• —The only way the President can ensure that all options are examined, and all the arguments fairly presented, is to have his own people—responsive to him, accustomed to his style, and with a Presidential rather than departmental perspective—oversee the preparation of papers.
  • —If the President wants to control policy, he must control the policy making machinery.
The present system permits an adequate role for the State Department.
  • —Issues may be raised in the interdepartmental groups, under the chairmanship of the relevant Assistant Secretary.
  • —State is represented on the NSC Review Group.
  • —Issues may be sent from the Review Group to the Under Secretary’s committee (chaired by the Under Secretary of State) when they do not involve Presidential decision or Cabinet-level discussion.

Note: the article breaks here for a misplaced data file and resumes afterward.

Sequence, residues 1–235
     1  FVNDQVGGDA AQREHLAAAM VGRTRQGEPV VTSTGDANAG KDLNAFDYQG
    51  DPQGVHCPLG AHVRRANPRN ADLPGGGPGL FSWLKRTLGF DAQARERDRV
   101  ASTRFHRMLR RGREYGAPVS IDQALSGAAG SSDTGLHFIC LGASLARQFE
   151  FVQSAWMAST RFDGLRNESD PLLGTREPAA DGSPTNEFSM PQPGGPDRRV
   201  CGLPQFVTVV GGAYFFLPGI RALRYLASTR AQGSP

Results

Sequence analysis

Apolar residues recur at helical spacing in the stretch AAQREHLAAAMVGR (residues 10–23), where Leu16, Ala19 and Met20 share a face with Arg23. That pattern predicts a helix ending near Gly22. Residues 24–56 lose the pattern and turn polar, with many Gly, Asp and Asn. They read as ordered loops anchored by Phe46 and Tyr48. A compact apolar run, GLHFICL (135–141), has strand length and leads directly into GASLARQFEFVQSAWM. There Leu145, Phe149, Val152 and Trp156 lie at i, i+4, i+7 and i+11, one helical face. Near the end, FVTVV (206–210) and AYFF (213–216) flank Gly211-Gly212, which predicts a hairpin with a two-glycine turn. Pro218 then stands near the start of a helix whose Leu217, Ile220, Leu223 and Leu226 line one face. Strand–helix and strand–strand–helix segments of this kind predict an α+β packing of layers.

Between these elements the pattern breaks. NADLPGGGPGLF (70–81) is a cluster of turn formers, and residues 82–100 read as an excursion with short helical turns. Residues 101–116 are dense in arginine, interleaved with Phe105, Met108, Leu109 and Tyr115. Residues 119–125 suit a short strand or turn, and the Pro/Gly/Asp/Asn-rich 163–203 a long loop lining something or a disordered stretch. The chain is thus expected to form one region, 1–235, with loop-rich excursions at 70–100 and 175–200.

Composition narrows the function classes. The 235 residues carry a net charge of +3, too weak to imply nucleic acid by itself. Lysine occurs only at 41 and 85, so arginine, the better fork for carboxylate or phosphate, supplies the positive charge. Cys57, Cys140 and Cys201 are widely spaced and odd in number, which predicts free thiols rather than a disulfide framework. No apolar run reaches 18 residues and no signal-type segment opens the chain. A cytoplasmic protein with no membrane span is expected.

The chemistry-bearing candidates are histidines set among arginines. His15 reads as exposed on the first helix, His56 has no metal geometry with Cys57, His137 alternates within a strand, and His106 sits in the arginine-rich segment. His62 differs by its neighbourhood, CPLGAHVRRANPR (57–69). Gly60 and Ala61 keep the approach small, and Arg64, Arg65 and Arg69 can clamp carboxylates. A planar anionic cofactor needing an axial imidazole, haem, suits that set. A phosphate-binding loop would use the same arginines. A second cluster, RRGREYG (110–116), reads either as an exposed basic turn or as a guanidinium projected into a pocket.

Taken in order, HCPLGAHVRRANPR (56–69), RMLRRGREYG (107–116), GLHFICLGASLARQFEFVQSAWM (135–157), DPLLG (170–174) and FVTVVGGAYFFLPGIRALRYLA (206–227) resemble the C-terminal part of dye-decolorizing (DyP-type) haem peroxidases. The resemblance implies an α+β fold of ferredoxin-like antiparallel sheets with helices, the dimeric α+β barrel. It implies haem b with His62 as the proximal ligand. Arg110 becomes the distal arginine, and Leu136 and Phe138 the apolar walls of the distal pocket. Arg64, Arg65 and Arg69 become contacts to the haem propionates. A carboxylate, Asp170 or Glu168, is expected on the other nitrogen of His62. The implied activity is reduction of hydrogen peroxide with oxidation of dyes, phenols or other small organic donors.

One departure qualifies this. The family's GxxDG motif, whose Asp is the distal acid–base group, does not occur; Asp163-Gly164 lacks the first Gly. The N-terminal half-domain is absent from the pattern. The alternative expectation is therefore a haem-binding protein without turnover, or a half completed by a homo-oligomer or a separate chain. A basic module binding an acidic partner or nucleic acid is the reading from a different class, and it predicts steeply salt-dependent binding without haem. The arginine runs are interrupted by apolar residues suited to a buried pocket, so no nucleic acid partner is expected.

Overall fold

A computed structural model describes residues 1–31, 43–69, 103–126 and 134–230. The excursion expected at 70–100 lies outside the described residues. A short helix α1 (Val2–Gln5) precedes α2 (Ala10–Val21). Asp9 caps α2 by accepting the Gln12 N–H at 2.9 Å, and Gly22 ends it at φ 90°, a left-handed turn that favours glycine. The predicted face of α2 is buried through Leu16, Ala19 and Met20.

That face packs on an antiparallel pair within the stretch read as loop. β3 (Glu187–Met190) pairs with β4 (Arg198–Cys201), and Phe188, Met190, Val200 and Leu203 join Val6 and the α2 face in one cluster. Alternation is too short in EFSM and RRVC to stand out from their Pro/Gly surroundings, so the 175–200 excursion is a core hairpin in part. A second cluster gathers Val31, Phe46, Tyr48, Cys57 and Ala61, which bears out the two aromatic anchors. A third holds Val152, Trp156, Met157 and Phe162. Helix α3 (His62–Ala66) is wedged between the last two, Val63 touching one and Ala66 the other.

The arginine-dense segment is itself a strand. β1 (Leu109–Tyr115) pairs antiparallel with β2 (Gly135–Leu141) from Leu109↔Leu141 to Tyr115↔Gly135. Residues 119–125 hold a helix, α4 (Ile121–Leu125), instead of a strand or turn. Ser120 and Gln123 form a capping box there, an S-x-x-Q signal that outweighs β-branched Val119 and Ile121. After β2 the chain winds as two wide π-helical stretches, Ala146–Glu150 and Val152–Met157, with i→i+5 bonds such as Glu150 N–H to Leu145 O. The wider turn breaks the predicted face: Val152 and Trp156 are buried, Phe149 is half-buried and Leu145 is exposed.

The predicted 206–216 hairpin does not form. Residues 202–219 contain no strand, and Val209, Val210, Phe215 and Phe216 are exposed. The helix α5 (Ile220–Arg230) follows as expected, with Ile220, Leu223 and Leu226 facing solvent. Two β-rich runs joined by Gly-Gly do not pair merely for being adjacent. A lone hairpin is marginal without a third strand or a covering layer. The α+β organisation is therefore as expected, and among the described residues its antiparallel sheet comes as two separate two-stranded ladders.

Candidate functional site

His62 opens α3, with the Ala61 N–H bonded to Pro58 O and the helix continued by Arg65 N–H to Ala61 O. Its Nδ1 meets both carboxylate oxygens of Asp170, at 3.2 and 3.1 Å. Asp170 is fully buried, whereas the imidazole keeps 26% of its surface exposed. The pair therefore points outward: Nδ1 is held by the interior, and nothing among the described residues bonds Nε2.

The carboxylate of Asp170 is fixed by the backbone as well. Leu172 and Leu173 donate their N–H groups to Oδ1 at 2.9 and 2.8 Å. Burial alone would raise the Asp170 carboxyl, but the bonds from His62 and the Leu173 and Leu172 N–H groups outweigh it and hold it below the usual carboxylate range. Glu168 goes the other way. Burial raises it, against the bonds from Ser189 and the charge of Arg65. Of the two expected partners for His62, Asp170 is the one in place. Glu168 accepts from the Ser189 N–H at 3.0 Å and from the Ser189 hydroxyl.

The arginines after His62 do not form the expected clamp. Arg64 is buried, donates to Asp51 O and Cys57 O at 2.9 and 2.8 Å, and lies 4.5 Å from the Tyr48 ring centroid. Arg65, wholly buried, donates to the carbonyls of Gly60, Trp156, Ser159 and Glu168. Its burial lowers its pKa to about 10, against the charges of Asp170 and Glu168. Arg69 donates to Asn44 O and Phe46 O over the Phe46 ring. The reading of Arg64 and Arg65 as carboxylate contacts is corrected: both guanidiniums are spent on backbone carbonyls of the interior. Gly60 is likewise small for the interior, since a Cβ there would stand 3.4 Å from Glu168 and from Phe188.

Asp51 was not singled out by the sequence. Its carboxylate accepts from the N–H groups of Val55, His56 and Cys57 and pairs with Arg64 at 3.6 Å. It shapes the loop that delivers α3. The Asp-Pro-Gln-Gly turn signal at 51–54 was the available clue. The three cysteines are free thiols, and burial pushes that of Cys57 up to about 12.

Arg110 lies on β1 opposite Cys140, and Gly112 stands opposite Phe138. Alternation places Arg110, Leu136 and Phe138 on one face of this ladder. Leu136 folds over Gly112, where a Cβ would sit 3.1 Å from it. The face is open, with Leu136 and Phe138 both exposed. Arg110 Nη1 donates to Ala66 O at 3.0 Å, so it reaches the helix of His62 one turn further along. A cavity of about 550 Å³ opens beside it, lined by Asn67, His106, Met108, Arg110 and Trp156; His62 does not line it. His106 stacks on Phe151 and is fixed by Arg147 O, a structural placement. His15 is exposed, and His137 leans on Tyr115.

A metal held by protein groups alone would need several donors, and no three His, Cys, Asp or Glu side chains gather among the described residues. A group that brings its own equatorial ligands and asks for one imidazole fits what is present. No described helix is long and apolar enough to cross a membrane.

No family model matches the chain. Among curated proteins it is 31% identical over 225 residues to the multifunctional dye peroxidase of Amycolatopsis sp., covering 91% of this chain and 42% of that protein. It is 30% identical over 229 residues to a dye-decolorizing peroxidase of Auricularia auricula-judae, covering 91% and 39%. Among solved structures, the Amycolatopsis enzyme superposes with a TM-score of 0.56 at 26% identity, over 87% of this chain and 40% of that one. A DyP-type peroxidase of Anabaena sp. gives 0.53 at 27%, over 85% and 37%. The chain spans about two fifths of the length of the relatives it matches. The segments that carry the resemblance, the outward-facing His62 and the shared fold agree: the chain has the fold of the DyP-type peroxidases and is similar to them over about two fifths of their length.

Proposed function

• —The proposed system gives State a larger role than it had under John Foster Dulles. It can make of the system what it wants.
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NSAM 341

Following are highlights of NSAM 341:3

  • —Reaffirms the Secretary of State’s “authority and responsibility to the full extent permitted by law for the overall direction, coordination and supervision of interdepartmental activities of the United States Government overseas.” (Military forces operating in the field are specifically excluded from such activities.)
  • —Creates the Senior Interdepartmental Group (SIG), chaired by the Under Secretary of State, “to assist the Secretary of State in discharging his authority and responsibility for interdepartmental matters which cannot be dealt with adequately at lower levels…”4